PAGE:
Similarly to how Shi Qiang bridged the first two books, Luo Ji bridges the last two. He does take a more active role in this book, which is cool; he's a fun and explicitly nuanced character, and it's interesting to see him play multiple roles over time. But it does make me freshly surprised at how Wang Miao completely vanished from the series after being a protagonist for the first book. It's not bad, and as I noted in my previous post I do like how the epic scope of the story is reinforced by all the fresh faces, but the disparity between Wang and Luo is curious.

Cixin Liu continues to innovate and surprise with the form of the novel, weaving in new elements. The first book stirred historical fiction and detective stories into hard sci-fi, while the second book used political thrillers. Death's End once again brings in a new genre from left field: this time, it's fairy tales! Roughly midway through the book, the main narrative pauses for a long and shockingly well-written fantastical story, presented as three separate fairy tales but really one continuous story about the Storyless Kingdom. The stories are so striking and so pertinent that they remained fresh and sparkling in my mind throughout the entire rest of the novel, much like how the Cultural Revolution loomed over the events of The Three Body Problem.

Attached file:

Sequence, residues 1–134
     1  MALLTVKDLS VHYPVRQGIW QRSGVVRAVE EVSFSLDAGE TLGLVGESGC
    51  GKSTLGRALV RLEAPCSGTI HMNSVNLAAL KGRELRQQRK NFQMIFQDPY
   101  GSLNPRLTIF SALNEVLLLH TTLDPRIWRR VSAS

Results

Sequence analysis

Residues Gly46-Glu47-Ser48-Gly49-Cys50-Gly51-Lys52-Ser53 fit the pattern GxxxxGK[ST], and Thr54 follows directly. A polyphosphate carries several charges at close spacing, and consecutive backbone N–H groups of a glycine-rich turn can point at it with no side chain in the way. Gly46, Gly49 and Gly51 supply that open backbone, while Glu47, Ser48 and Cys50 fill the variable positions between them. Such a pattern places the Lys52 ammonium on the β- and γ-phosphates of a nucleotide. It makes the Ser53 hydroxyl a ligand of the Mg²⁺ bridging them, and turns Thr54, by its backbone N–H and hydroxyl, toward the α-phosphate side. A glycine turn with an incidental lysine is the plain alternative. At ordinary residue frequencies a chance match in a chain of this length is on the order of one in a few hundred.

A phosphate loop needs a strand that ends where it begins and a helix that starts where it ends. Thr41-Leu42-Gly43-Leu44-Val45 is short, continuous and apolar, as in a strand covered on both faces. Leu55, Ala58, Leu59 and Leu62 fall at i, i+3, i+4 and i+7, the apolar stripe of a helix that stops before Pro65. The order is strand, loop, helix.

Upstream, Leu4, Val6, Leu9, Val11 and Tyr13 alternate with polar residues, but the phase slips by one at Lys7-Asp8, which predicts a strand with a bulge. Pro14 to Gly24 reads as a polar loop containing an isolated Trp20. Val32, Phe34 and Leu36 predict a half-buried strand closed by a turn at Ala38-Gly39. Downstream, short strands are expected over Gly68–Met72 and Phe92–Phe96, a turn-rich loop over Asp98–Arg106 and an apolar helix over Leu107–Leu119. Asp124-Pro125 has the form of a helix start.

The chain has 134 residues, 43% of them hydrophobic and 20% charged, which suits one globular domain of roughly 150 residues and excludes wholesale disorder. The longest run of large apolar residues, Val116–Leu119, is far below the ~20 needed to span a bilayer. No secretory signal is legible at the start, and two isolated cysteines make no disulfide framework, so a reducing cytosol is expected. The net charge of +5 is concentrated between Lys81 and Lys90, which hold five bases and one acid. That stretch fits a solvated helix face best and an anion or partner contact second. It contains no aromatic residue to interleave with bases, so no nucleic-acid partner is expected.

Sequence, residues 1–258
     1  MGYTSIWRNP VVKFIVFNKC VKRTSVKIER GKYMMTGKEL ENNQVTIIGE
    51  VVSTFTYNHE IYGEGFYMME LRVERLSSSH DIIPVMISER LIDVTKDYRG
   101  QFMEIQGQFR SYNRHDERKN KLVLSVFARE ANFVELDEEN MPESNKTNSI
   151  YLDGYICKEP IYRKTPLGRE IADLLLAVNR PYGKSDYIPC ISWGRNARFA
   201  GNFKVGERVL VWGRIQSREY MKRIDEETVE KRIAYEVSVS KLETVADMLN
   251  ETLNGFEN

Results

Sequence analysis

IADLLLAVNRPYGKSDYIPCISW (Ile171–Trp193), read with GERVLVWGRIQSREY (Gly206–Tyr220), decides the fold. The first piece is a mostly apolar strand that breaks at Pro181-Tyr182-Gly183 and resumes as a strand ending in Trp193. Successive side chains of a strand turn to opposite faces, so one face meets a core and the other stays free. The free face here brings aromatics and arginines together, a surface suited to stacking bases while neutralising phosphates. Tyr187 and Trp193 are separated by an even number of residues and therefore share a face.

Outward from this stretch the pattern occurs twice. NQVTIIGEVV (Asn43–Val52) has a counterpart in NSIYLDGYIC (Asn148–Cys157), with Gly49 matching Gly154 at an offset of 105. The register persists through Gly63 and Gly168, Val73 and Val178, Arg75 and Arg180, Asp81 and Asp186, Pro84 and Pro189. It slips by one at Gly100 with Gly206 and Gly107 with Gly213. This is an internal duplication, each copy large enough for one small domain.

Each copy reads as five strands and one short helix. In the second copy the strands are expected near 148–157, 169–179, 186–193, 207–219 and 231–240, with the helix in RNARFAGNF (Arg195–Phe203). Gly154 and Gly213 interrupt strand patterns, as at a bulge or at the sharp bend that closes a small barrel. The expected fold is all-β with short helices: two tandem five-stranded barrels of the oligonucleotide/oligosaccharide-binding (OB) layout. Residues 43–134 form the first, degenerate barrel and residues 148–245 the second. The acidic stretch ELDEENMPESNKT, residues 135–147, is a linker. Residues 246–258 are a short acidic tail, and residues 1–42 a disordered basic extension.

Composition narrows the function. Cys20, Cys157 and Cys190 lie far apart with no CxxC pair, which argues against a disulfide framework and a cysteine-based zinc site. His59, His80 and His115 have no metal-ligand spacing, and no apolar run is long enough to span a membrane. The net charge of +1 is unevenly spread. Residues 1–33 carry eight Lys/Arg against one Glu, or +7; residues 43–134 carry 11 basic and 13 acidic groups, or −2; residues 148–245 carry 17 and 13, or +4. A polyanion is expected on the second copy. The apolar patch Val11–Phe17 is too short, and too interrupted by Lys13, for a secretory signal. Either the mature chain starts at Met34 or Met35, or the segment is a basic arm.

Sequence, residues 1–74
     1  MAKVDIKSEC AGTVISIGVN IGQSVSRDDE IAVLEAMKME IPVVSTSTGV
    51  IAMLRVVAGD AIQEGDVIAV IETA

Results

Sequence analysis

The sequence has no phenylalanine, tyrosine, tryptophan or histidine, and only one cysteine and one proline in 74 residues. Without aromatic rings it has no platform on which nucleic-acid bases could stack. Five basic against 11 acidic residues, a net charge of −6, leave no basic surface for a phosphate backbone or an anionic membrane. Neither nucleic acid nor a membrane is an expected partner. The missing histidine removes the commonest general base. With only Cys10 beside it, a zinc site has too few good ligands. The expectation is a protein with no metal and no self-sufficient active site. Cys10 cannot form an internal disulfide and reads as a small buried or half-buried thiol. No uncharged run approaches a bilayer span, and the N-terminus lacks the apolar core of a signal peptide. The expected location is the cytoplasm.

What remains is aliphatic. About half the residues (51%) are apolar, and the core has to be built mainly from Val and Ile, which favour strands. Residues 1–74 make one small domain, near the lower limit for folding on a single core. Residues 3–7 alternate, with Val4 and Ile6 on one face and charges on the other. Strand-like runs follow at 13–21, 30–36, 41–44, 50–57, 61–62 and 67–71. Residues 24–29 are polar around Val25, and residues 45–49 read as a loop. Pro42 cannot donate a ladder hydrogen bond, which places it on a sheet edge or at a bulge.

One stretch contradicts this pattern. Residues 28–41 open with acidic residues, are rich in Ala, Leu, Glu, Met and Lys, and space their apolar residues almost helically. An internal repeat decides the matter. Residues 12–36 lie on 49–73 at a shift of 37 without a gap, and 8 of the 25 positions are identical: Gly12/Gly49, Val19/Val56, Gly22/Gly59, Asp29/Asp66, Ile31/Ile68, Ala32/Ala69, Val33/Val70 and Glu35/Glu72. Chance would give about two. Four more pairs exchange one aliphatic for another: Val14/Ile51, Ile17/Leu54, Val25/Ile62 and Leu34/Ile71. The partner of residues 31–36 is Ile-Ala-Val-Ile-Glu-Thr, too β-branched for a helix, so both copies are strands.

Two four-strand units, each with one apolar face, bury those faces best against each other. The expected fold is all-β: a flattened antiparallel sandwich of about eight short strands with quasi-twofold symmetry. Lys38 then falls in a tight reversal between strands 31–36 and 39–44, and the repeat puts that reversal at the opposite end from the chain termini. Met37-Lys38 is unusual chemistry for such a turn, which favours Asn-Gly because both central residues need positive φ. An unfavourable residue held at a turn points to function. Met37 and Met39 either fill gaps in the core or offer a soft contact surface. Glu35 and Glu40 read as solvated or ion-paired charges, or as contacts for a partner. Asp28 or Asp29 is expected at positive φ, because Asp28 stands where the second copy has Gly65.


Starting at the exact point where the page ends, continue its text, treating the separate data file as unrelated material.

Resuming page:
The fairy tales are well-written, but also very cleverly constructed, packed with allegories and clues and hints. I felt really impressed once they were revealed, much like how I feel impressed at, say, a long-laid David Mitchell revelation. The main thing that I'm left wondering at the end of the novel is the significance of the umbrella. Painting into two dimensions seems quite clear, an unheeded warning about the flattening threat. Given that, it seems like the spinning umbrella offers a solution of some sort. Spinning and rotating is significant throughout, like the watery vortex in the Norwegian sea. I wonder if, given enough time, Earth's scientists could have prepared some defense against this, or at least a way to buy more time. Perhaps curving space within the Solar System could have slowed the advancement enough to leave another way?